Australian Critics of
This page maintained by David Gerard.
Early draft at http://zurix.apana.org.au/asatru/free_bel.htm,
final draft (PDF) at http://www.hreoc.gov.au/human_rights/religion/index.html.
This thing is REALLY LONG - 120K or so - and the HTML is pretty crappy. But
it's an interesting read if you want to cover the area. Below is the
entirety of discussion of Scientology.
Free to Believe?
The right to freedom of religion and belief in Australia
Human Rights and Equal Opportunity Commission
"Free to Believe?" is Discussion Paper No. 1 released by the
office of Chris Sidoti, Human Rights Commissioner, Human Rights and Equal
Opportunity Commission, Australia.
The Australian legal system purports to treat Australia's many different
religious communities equally. There is no established or State sponsored
religion or church and religious law is not imposed by civil authority.
This section of the paper discusses the extent to which the right to
freedom of religion is protected and promoted in Australia by examining
four relevant sources of law
- the Australian Constitution
- Australian federal laws
- Australian State and Territory laws
- international law.
The High Court considered the threshold issue of defining 'religion' in
Church of the New Faith v Commissioner for Pay-Roll Tax (Vic).
 The Court was asked to decide whether the
Church of Scientology was a 'religious or public benevolent institution'
for the purposes of the Pay-Roll Tax Act 1971 (Vic). If so, it would be exempt from pay-roll tax on
wages paid or payable to its employees. The Court held that the beliefs,
practices and observances of the Church of Scientology did, in fact,
constitute a religion in Victoria. The judges proposed a number of
different tests for the definition of 'religion' under the Act but no
definition secured majority support. The narrowest test was proposed by
Acting Chief Justice Mason and Justice Brennan and required two elements
- belief in a supernatural Being, Thing or Principle
- the acceptance of canons of conduct to give effect to that belief
(though canons of conduct which offend against the ordinary laws are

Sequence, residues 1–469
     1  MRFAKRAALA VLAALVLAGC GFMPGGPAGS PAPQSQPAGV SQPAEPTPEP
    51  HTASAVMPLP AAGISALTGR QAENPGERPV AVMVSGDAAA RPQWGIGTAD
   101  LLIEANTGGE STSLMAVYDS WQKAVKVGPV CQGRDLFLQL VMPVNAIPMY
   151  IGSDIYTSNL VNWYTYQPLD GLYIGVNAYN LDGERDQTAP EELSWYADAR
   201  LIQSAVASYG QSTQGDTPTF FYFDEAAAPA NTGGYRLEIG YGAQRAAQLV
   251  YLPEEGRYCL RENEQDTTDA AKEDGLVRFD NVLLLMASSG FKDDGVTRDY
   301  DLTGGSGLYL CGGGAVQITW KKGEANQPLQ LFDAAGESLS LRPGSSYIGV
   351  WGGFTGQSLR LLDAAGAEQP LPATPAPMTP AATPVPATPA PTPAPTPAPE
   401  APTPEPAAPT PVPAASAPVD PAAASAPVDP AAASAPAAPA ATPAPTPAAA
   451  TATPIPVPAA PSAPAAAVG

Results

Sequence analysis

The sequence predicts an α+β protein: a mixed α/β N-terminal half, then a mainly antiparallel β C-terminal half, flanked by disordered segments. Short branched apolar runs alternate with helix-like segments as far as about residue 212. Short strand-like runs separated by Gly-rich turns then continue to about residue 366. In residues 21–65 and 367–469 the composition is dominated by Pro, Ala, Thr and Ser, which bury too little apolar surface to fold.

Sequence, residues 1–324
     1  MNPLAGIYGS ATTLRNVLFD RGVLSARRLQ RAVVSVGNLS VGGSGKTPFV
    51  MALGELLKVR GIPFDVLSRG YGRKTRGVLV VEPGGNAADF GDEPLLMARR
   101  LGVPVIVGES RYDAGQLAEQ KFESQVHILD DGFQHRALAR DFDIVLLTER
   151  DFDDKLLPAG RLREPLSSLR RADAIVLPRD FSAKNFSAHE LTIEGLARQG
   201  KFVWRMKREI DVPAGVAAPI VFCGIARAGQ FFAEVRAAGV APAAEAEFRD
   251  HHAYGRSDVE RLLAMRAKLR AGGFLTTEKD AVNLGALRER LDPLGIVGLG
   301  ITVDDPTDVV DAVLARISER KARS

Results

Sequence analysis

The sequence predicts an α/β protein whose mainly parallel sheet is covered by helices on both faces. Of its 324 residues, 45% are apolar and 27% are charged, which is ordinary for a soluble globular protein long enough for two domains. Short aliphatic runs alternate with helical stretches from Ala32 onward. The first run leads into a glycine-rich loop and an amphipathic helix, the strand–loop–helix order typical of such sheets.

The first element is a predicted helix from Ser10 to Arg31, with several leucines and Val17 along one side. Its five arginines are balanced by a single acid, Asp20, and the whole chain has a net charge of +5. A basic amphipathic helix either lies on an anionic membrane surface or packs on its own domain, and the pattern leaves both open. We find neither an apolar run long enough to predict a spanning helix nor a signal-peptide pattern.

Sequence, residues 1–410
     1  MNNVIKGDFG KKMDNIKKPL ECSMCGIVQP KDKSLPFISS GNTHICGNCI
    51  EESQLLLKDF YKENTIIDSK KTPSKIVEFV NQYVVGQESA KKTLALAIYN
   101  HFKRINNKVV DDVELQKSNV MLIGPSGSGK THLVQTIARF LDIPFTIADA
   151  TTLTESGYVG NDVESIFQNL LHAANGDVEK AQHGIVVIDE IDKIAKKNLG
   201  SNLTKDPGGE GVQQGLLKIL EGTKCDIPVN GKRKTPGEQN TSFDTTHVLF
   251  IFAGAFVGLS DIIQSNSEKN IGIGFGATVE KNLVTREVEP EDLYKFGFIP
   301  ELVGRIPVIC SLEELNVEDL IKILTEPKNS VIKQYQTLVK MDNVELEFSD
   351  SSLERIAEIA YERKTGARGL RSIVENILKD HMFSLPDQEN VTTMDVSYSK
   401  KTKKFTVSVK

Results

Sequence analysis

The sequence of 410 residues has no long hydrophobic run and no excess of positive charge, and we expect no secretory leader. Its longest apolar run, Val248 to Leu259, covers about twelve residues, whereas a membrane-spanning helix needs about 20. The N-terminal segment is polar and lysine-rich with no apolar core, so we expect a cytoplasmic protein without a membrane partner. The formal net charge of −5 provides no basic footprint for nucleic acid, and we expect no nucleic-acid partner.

outside the areas of any immunity, privilege or right conferred on the
grounds of religion).
Justices Wilson and Deane found no single characteristic that could be a
formalised legal criterion for a particular system of beliefs and practices
that constitutes a religion. In their view all that can be done is to
formulate indicia or guiding principles by reference to which the question
is to be decided. They identified five indicia
Justice Murphy also did not propound a definitive 'test' but rejected the
first criterion of Chief Justice Mason and Justice Brennan as no longer
essential to a definition of religion. Justice Murphy held, in part, that
any organisation which claims to be a religious organisation and which
offers a way to find meaning and purpose in life is a religious
- a particular collection of ideas and/or practices involving belief
in the supernatural
- ideas that relate to the nature and place of humanity in the universe
and the relation of humanity to things supernatural
- ideas accepted by adherents requiring or encouraging them to observe
particular standards or codes of conduct or to participate in specific
practices having supernatural significance
- adherents constituting an identifiable group or identifiable groups
regardless of however loosely knit and varying in beliefs and practices
these adherents may be adherents themselves seeing the collection of ideas
and/or practices as constituting a religion.
15. (1983) 154
[Footnote 15 is the High Court decision that Scientology is a religion. 16
refers to Section 10 of the Pay-Roll Tax Act 1971 (Vic).]
[Legal and Government opinions on Scientology]